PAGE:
We"ve Ruined Sports for Kids - The Curse of Athleticism or the Olympic Myth
By David Skuy
How much is too much?
When it comes to youth sports, it appears the answer is nothing is too much. The average professional hockey, basketball, or soccer player plays around 80 games a year - another 20 if he or she is on a championship team. Ten-year old kids often play the same number, along with practices and weekend tournaments.
So what's going on?
What's going on is that adults have stolen sports from kids. We"ve professionalized sports, organized the games we used to play in the schoolyard or on the streets for hours as kids. Instead of those endless games, parents drive their kids to league games and practices, where whistles and coaches tell kids what to do and how to do it. This goes on five, six, even seven times a week. Sure, a precious few go on to superstardom as professional athletes, but they're the one percent of the one percent. The rest burn out by 14.
Is it really necessary to travel hours every weekend to yet another tournament? Is that third practice a week really adding to a young person's enjoyment? Is there not something wrong about $50,000 budgets for 12-year old hockey teams?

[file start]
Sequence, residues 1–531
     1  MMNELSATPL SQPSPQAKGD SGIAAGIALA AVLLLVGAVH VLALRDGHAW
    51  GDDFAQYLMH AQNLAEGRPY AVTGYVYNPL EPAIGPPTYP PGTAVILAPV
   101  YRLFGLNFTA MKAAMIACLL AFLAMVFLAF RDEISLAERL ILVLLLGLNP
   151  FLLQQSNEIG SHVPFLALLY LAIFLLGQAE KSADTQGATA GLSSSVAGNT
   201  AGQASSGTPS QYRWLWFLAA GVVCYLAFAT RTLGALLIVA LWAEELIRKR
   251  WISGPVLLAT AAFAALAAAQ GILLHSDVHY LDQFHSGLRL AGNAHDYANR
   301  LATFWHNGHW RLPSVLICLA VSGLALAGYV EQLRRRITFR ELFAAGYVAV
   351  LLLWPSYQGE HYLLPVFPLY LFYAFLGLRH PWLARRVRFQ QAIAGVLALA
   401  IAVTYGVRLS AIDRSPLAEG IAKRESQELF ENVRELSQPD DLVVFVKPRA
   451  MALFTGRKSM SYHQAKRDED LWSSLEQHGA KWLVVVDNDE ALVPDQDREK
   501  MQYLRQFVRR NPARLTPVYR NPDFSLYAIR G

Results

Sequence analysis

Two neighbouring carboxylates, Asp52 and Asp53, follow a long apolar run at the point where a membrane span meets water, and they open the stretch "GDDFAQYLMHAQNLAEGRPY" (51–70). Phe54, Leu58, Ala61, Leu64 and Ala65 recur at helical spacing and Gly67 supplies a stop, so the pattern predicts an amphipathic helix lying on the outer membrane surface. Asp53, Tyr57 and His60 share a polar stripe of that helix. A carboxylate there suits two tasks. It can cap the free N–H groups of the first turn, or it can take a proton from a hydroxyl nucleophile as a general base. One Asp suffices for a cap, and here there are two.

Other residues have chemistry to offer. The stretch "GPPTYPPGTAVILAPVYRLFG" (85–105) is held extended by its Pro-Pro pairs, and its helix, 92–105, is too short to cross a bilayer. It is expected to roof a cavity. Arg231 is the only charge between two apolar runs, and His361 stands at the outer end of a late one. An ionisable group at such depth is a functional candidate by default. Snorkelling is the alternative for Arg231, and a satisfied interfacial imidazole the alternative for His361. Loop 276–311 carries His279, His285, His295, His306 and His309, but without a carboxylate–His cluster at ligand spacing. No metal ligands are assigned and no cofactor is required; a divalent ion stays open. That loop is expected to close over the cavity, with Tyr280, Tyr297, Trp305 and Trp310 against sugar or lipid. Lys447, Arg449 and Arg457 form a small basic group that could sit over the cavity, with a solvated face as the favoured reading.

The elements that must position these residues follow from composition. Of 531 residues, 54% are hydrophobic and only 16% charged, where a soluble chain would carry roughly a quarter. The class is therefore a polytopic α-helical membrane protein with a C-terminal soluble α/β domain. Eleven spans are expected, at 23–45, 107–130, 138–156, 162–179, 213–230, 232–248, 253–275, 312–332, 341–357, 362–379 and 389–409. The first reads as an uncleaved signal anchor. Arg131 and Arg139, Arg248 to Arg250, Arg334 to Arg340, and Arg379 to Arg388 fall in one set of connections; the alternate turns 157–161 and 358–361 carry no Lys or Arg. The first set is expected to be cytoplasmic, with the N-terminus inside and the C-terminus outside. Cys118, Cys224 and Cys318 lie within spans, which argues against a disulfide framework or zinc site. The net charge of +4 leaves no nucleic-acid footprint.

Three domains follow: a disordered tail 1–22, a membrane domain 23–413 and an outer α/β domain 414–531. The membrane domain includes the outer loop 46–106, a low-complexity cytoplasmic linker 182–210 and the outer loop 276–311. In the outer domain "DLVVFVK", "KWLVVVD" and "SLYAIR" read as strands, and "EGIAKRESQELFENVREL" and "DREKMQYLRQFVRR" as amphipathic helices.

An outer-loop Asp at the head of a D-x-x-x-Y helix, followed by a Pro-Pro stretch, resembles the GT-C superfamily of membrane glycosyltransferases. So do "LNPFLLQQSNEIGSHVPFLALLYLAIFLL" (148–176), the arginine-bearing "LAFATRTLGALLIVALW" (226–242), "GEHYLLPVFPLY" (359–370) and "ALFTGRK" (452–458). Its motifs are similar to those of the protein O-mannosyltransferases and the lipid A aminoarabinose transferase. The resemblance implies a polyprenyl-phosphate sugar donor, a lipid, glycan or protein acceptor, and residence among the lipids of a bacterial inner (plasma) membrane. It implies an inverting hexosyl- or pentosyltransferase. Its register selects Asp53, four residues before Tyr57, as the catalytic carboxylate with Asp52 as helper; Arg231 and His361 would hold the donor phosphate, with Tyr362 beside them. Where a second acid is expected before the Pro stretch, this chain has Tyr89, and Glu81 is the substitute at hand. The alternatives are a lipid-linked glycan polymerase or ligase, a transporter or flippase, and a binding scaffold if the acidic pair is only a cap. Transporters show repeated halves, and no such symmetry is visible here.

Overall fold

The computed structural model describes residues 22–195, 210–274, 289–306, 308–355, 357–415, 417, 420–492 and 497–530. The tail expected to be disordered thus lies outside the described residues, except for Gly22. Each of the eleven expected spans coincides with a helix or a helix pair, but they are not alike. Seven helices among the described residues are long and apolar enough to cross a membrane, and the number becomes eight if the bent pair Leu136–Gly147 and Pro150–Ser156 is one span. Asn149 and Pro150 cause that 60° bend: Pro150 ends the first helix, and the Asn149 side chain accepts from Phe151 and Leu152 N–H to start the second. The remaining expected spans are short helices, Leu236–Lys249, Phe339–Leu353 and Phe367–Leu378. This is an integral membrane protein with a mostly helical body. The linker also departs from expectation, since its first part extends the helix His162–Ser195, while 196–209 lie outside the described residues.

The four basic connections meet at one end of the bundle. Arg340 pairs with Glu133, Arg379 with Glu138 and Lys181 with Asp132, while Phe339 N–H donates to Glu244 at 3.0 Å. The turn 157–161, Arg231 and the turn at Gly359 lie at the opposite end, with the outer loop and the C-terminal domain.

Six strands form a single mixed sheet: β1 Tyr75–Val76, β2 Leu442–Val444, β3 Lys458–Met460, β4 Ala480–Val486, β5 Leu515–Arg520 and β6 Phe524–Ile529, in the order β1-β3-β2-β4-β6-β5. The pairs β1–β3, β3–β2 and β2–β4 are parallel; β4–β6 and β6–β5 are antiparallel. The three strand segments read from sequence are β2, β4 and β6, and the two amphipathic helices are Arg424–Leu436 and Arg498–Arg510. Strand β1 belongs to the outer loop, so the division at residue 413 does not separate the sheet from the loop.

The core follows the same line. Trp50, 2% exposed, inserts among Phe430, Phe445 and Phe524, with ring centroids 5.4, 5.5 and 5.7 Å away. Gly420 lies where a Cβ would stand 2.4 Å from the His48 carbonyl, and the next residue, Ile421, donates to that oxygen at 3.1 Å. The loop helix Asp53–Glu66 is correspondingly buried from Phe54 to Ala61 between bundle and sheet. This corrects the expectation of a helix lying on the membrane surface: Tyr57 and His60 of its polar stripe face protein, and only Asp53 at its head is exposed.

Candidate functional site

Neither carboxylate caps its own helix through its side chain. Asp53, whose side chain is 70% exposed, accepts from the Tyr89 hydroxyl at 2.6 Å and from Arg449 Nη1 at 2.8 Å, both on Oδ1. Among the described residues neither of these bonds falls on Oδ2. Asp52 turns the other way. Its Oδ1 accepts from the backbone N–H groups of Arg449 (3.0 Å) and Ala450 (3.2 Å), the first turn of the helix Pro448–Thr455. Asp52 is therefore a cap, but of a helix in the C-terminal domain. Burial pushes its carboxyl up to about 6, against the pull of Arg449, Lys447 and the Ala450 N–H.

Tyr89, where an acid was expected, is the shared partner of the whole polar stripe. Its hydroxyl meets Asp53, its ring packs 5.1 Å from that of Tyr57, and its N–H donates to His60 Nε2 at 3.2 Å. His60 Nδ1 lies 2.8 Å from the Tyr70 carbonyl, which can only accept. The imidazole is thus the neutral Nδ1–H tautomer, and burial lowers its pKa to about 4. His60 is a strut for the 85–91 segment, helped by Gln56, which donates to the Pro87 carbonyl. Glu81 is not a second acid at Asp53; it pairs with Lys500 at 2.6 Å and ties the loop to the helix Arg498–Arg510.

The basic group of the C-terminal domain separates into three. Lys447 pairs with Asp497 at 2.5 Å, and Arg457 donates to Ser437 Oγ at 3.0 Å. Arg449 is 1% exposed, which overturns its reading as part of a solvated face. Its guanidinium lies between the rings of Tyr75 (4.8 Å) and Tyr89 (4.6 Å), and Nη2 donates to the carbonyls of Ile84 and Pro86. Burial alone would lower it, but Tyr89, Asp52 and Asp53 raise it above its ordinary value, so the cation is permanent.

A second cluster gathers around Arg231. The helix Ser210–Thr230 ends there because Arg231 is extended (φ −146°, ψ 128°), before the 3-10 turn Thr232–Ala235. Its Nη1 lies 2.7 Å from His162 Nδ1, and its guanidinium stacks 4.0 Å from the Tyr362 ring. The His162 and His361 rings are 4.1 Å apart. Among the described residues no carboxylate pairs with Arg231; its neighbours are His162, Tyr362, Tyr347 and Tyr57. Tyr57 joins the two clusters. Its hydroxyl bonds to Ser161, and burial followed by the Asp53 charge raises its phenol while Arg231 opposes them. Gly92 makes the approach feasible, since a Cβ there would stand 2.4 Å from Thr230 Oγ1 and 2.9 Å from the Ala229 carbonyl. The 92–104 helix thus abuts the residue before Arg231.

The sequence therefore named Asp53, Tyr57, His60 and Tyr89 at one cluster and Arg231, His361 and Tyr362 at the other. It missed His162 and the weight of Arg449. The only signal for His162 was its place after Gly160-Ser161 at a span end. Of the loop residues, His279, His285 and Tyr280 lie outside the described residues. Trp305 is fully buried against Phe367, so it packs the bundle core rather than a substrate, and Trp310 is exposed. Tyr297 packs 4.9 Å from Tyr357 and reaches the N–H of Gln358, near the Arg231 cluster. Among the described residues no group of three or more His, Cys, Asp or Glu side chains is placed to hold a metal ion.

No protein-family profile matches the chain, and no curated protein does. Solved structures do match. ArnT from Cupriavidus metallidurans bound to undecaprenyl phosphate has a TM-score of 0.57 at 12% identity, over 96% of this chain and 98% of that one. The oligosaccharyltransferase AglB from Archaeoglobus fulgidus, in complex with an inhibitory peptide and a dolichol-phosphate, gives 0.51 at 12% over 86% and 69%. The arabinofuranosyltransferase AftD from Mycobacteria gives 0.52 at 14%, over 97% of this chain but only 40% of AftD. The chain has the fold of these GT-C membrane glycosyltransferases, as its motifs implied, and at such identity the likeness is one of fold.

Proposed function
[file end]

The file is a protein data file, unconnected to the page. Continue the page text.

More is not necessarily better. The magic number is three - one game and two practices a week. Until a kid is 13 or 14, that is enough of any one activity. Let them develop a number of interests - sports, reading, music, and maybe hanging out with friends once in a while. After that age, if the interest is still there, then it might be appropriate to let them focus totally on one thing.
We need to remember that sports are for kids - not for those watching from the sidelines. Professional athletes are paid millions to play 80 games a year; and our kids are paying a high cost for our obsession with organized sports.
About The Author
David Skuy is the author of Off the Crossbar, a sports novel for boys. He is also a noted lecturer, speaking to parents and kids about literacy and sports.
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